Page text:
I have always loved this shot, really no more than a glimpse, a small piece of the wall excised by Wings’s camera lens and brought into sharp focus. The angle of it appeals to me, providing as it does for a wide view of the vigas arrayed at the top; so, too, does its black and white color scheme, warm earthy mud turned cool charcoal gray and aged wood burnished silver in the light. But it’s more than mere aesthetics. It’s also the way it captures, up close, the patchwork, the trowel work, the mudding in of repeated layers of adobe over the course of centuries to keep the elements out and a habitable home in. Every crack, every crevice, every score and wrinkle appears, the black and white film throwing them all into sharp relief, like the lines on an elder’s face: the mapping of experience, of existence, of the knowledge and wisdom that come with having seen the years, the centuries, come and go and to be still standing after so much else has crumbled to dust and less.

Mudding and resurfacing are an annual task, event, obligation, even. Not every building, not every home, gets resurfaced every year, but every year, at least some of them are patched, some rebuilt or otherwise structurally repaired, some given a whole new surface coat. Families are responsible for their individual homes, but some elders who need it will receive assistance in the resurfacing. The idea is to ensure that, in a series of conjoined homes, structural risks are minimized, and so are the risks associated here with weather and climate.

Stories Cropped

In an ideal year, by the time winter rolls around, the facades look something like the image above: still solid, still able to keep out the snow and the cold. Of course, as is clear from the upper-level wall in the foreground, sometimes the amount or type of straw used leads to spiderweb cracks, particularly once the weather transforms from expansive heat to the contracture of bitter cold, but as long as it holds through the cold season, it can always be repaired when warmer winds return.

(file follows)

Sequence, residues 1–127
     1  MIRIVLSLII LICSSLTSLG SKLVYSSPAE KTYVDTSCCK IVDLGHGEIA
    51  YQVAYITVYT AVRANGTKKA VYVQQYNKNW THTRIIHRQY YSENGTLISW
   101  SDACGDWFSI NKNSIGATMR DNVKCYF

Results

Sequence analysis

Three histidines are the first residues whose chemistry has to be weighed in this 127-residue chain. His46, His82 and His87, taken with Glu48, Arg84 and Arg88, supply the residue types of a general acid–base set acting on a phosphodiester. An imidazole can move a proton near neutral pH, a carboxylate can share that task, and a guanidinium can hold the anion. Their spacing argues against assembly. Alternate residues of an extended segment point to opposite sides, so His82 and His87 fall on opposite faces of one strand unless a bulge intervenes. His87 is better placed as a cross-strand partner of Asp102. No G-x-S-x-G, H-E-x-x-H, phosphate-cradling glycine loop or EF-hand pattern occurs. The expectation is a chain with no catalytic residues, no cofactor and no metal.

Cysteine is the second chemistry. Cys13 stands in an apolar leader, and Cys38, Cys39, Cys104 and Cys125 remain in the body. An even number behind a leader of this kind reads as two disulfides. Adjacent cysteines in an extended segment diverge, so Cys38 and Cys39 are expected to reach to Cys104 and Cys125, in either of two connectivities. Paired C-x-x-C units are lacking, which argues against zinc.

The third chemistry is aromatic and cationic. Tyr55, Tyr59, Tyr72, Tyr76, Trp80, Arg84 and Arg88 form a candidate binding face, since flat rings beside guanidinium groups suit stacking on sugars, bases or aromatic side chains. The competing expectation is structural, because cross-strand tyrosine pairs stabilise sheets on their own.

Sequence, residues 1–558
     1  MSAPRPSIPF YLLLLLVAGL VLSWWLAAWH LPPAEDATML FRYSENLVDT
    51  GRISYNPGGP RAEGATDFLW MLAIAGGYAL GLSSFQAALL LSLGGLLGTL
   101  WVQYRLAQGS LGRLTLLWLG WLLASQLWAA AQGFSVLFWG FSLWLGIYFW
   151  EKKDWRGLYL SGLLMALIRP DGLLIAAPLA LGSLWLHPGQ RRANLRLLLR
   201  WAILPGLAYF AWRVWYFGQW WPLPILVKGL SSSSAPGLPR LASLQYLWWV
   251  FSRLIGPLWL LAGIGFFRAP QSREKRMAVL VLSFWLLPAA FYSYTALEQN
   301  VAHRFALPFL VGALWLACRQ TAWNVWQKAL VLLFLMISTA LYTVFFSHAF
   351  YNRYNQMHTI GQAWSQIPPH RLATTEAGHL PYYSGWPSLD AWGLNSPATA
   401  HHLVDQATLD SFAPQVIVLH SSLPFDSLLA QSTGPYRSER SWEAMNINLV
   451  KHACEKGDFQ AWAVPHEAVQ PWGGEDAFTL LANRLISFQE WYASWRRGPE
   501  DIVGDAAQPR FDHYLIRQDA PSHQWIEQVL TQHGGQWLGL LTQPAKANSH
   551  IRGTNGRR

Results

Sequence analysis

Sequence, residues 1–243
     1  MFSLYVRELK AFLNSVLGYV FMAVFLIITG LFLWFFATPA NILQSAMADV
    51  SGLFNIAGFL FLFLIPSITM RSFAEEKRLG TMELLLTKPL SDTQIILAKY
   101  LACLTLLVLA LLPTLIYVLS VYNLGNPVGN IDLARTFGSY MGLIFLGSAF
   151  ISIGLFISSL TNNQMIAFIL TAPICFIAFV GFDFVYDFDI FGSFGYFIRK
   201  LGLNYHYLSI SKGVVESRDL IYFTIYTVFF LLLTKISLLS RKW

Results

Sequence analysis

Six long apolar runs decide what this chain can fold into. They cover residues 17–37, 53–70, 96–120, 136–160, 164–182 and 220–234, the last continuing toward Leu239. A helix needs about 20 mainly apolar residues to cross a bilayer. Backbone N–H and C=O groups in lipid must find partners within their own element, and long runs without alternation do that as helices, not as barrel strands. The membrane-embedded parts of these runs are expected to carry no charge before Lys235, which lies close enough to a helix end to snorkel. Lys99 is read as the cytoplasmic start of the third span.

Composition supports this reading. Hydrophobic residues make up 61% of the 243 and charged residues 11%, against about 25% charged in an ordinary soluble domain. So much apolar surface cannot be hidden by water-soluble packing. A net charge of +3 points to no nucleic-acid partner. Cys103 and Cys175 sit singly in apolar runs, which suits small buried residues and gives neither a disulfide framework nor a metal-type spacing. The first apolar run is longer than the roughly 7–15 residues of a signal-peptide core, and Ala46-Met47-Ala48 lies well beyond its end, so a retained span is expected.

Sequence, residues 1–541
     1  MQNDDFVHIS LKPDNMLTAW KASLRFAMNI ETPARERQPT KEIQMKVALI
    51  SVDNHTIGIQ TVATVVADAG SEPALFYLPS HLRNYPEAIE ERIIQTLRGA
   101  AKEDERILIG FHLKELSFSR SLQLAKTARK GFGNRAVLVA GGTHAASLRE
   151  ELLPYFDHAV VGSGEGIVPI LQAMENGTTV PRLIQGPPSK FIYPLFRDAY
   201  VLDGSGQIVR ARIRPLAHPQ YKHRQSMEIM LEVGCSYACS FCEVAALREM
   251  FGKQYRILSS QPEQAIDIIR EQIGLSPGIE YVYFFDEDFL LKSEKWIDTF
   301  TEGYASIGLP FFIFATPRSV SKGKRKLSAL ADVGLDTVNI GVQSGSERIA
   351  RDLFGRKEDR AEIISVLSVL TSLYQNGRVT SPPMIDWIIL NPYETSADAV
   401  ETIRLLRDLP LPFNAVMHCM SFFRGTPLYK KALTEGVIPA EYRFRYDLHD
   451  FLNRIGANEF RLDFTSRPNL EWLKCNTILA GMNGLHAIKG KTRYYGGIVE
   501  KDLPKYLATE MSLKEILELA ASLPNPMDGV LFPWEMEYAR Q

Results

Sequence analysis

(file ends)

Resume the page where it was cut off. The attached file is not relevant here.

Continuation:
And it’s not just the homes themselves. The perimeter wall sometimes needs repair, as do other walls and structures. And then there are the ovens.

Sustenance Cropped

Traditional hornos are still used for baking as a matter of course. They are pressed into service at feast days and ceremonial and other events, of course, but many people still bake bread, cookies, prune pies, and other goods in them as a part of day-to-day life. They are sturdy, and like the homes, they provide excellent insulation (and therefore, baking power), but they, too, are subject to the vagaries of wind and weather. It’s not at all unusual, this time of year, to see some families rebuilding and.or resurfacing their hornos. It’s also not unusual, once the snow flies, to see Pueblo dogs curled up next to them for their warmth.

There is, however, one building that gets resurfaced every year: the church.

San Geronimo Church

Each year, certain men are detailed to the care and upkeep of the church, which includes the interior, the exterior, and the courtyard and its walls. Some years, the wooden balcony and portal need repair and/or repainting, or the bell towers need work. But every year, without fail, the church’s exterior is repaired, all cracks mudded in and patched and then resurfaced in the Pueblo’s traditional red-gold earthy clay.

In some years, the entire church and its courtyard walls are entirely earth-colored. In other years, the entire wall and its entry may be whitewashed. In still others, as from the year depicted here, it is a mix: main church in earth tones with whitewashed portals and inner bell towers, and courtyard wall and entrance alternating between plain red earth and whitewashed panels.

Threshold Cropped

The walls and entry gate require other work, too. The low parapets at the corners of the wall must be sculpted and smoothed as they are patched and resurfaced. The same is true of the stairstepped edges of the entry, meticulous work that requires skilled masons.

At this time, the people will be doing the preliminary work, patching , troweling, mudding in as weather and time permit. In September, once the monsoons have eased, the detail work will begin, with the surface coats applied, floated on and then smoothed carefully into a velvety finish.

And by the time the Feast of San Geronimo rolls around at the end of that month, much of the village will be newly restored, walls smooth and fresh and bright.

Emergence Cropped

They will be the iconic red earth of the Pueblo itself, and they will glow like golden fire in the September sunlight.

~ Aji